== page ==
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With Chevy, Pandora Runs Deep

Personalized web music service is part of MyLink system

Chalk up another victory for, the personalized Web music radio service that is cutting into commercial radio’s potential audience. In February, GM announced that 2012 Chevrolet Volt and Equinox models will have Pandora controls integrated directly into their 7-inch dashboard touchscreens.

To access Pandora, the MyLink “infotainment” system must connect with a Pandora-loaded smartphone. When a Chevy driver wants to listen to Pandora, she will access the service with a few screen touches, just as she can access AM/FM or CDs.

“This is strategically very important for Pandora,” says Jessica Steel, Pandora’s EVP of business and corporate development.

She reiterated the company’s recent themes: Nearly half of radio listening happens in the car; Pandora already has 80 million registered listeners; accessing Pandora on the road should be “as easy for them as tuning to FM radio.”

‘Mass market’ no more?

General Motors’ MyLink system is the company’s answer to Ford Sync. Both are voice-recognition control systems that integrate the multifarious devices turning up in today’s cars. These include onboard navigation and entertainment systems, plus MP3 players and smartphones brought in by drivers.

“The goal of GM and MyLink is to minimize driver distraction,” says Tony Kraatz, MyLink’s lead engineer. “We want people to keep their eyes on the road and their hands on the wheel. That is why we are using voice recognition to control in-car devices, whether for controlling radios, answering phones or navigating.” The MyLink voice recognition technology uses the Nuance operating system.

The reason GM decided to add Pandora is simple: Drivers are using it. This is why the automaker is also supporting the Pandora-like Stitcher Smart Radio in MyLink.

“These are mobile services that people are using in their vehicles, so we want to make them as safe to use as possible,” Kraatz says.

The challenge to traditional radio is explicit on Chevy’s website, which quotes a company VP of marketing saying, “There is a new generation of car buyers who don’t want to settle for mass-market radio. They want to create their own individual stations and have access to them wherever they are.”

Still smartphone-linked

MyLink makes Pandora appear to be a dashboard-accessed radio service. But despite appearances, accessing it is very much based on whatever smartphone the driver has along, and whether it is subscribed to Pandora. If the phone is not Bluetooth-capable, or accessing the wireless Web, or subscribed to Pandora — or some combination of these three — the service will not work on MyLink.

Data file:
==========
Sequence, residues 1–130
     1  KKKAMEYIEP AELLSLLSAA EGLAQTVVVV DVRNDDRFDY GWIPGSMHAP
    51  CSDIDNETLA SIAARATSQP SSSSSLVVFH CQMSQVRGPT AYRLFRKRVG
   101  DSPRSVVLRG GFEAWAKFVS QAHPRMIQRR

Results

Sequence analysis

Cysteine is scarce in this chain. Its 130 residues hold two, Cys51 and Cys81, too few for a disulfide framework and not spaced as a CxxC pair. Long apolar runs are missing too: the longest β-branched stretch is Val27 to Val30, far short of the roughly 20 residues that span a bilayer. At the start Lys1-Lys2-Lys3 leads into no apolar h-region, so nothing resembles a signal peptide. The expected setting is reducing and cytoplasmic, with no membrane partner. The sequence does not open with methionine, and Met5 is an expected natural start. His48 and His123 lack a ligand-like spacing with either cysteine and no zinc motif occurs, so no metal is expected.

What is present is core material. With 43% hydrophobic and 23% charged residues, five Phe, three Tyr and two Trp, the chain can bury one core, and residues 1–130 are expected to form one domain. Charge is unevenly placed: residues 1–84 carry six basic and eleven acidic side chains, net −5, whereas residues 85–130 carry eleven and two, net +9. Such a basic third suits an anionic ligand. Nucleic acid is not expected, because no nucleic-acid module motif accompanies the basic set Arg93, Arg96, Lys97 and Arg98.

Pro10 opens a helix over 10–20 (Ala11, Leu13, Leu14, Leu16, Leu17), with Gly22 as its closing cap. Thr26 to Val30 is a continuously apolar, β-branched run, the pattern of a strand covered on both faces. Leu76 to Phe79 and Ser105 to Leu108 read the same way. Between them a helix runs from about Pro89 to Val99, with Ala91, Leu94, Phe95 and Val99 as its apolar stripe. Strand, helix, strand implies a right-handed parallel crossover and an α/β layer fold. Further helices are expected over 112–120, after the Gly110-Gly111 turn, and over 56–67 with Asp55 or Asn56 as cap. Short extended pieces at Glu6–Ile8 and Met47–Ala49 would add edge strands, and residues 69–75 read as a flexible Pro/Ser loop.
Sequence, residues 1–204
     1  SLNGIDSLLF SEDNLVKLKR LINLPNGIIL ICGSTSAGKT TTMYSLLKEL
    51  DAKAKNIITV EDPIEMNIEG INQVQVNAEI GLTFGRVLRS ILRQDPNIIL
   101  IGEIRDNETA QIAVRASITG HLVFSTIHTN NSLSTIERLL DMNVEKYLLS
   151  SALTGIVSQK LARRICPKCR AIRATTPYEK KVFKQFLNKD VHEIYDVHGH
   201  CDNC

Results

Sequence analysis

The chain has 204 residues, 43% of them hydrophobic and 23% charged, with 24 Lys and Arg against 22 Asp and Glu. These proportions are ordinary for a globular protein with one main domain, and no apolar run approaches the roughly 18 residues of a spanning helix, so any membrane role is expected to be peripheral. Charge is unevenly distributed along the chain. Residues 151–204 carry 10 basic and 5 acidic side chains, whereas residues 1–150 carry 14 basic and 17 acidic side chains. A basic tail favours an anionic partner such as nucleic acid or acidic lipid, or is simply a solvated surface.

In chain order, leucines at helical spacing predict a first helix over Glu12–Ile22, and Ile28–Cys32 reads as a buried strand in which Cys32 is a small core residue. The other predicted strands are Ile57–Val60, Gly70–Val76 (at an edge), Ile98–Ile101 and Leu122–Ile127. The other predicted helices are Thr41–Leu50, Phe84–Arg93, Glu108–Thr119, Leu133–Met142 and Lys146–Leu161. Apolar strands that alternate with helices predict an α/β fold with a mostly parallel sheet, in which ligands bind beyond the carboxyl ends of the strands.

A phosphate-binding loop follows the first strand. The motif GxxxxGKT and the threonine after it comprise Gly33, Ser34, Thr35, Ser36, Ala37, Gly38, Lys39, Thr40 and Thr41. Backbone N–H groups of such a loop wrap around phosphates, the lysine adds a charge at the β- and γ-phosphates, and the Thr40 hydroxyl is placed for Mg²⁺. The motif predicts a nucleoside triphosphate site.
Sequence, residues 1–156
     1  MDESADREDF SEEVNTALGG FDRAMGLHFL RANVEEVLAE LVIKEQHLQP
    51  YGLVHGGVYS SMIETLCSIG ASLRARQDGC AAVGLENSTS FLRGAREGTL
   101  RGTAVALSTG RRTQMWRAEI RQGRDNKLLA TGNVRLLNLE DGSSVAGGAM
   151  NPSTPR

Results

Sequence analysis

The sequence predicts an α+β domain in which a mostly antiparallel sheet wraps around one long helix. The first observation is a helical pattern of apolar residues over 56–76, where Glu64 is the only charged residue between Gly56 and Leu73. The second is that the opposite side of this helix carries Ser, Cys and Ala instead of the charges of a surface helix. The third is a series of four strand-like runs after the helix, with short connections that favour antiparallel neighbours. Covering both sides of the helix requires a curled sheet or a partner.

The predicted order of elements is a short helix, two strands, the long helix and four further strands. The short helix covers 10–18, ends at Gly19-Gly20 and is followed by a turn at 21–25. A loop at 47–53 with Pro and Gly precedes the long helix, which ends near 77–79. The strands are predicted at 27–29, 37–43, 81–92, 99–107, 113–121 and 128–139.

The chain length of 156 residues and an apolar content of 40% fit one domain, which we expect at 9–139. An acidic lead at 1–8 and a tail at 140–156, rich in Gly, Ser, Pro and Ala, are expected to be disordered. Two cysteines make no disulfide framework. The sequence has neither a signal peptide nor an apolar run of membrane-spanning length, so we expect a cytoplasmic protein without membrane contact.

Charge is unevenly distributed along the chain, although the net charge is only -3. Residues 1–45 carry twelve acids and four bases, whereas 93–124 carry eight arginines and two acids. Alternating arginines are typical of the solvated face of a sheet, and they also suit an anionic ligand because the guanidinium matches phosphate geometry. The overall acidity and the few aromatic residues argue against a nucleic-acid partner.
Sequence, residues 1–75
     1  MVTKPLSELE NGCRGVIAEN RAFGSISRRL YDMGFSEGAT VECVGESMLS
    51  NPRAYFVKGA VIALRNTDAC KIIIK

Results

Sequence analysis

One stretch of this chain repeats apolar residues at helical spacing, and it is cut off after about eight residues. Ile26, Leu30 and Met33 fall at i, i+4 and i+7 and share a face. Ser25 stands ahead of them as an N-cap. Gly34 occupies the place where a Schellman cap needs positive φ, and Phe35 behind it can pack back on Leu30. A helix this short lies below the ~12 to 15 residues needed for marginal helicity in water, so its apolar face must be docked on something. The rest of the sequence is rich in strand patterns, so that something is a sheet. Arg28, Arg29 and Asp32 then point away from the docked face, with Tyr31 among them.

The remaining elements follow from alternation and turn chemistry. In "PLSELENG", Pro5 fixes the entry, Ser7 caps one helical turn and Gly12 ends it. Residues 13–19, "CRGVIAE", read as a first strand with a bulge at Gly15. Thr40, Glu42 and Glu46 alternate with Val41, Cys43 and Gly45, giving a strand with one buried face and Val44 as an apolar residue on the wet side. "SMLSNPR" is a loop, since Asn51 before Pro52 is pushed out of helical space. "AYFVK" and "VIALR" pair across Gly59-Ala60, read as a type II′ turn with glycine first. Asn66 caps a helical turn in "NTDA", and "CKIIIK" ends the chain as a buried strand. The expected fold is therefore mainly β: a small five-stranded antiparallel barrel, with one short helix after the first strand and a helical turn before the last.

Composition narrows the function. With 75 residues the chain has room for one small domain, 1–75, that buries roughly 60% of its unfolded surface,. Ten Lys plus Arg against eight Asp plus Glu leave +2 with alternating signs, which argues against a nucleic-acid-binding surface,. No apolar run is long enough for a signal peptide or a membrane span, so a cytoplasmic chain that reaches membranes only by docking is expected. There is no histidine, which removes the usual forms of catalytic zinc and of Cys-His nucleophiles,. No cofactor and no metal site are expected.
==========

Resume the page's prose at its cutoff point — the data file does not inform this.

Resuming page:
“It just doesn’t make sense to integrate mobile phone technology directly into any car’s onboard entertainment system,” says Kraatz. “Smartphones keep evolving, and we don’t want to commit ourselves to a technology that may become obsolete in a year or two.”

Pandora certainly agrees. “Connecting via smartphone is the technology that makes the most sense today, and will likely make the most sense for the foreseeable future,” says Steel. “Besides, being on smartphones, as opposed to in-car receivers, makes MyLink immediately relevant for our over 50 million smartphone listeners. We want to make Pandora available everywhere our listeners are, and we accomplish that really well by being on their mobile phones.”

Pandora’s prospects

GM’s MyLink is just the latest in-car success for Pandora.

“Mercedes has launched a dealer accessory product called Media Interface Plus that allows Pandora to be controlled on their COMAND in-car entertainment system,” Steel says.

“Additionally, Mini has launched Pandora on Mini Connected, where the Pandora interface is presented in the Mini infotainment display. In the future, you will also be able to access Pandora on the Toyota Entune entertainment system and on select Hyundai vehicles, again via a smartphone.”

Clearly, Pandora is succeeding making inroads into traditional radio’s automotive territory. As it does so, drivers increasingly will demonstrate whether or not they prefer a Web-based service that provides customized music at the expense of local news, weather and traffic.

For radio broadcasters, the results of these decisions will — at best — offer ideas for making radio better adapted to the 21st century. At worst, they may face the industry with a life-or-death competitive challenge, one not seen since broadcast television forced radio to radically change its content back in the 1950s.

National Association of Broadcasters Manager of Media Relations Zamir Ahmed isn’t ready to throw in the towel quite yet.

“Pandora offers a niche music source for listeners, but it can never replicate the lifeline free and local radio source enjoyed every week by more than 265 million listeners,” Ahmed says.

“Critics have written radio’s obituary for decades, but it is the ultimate survivor because it keeps audiences locally connected. Not only is radio an instrumental source of new music, it keeps listeners plugged into their community with news, sports, weather and traffic updates every day. And the beauty of radio is that it does all this for free.”

James Careless interviewed Pandora’s Tim Westergren in the April 6 issue.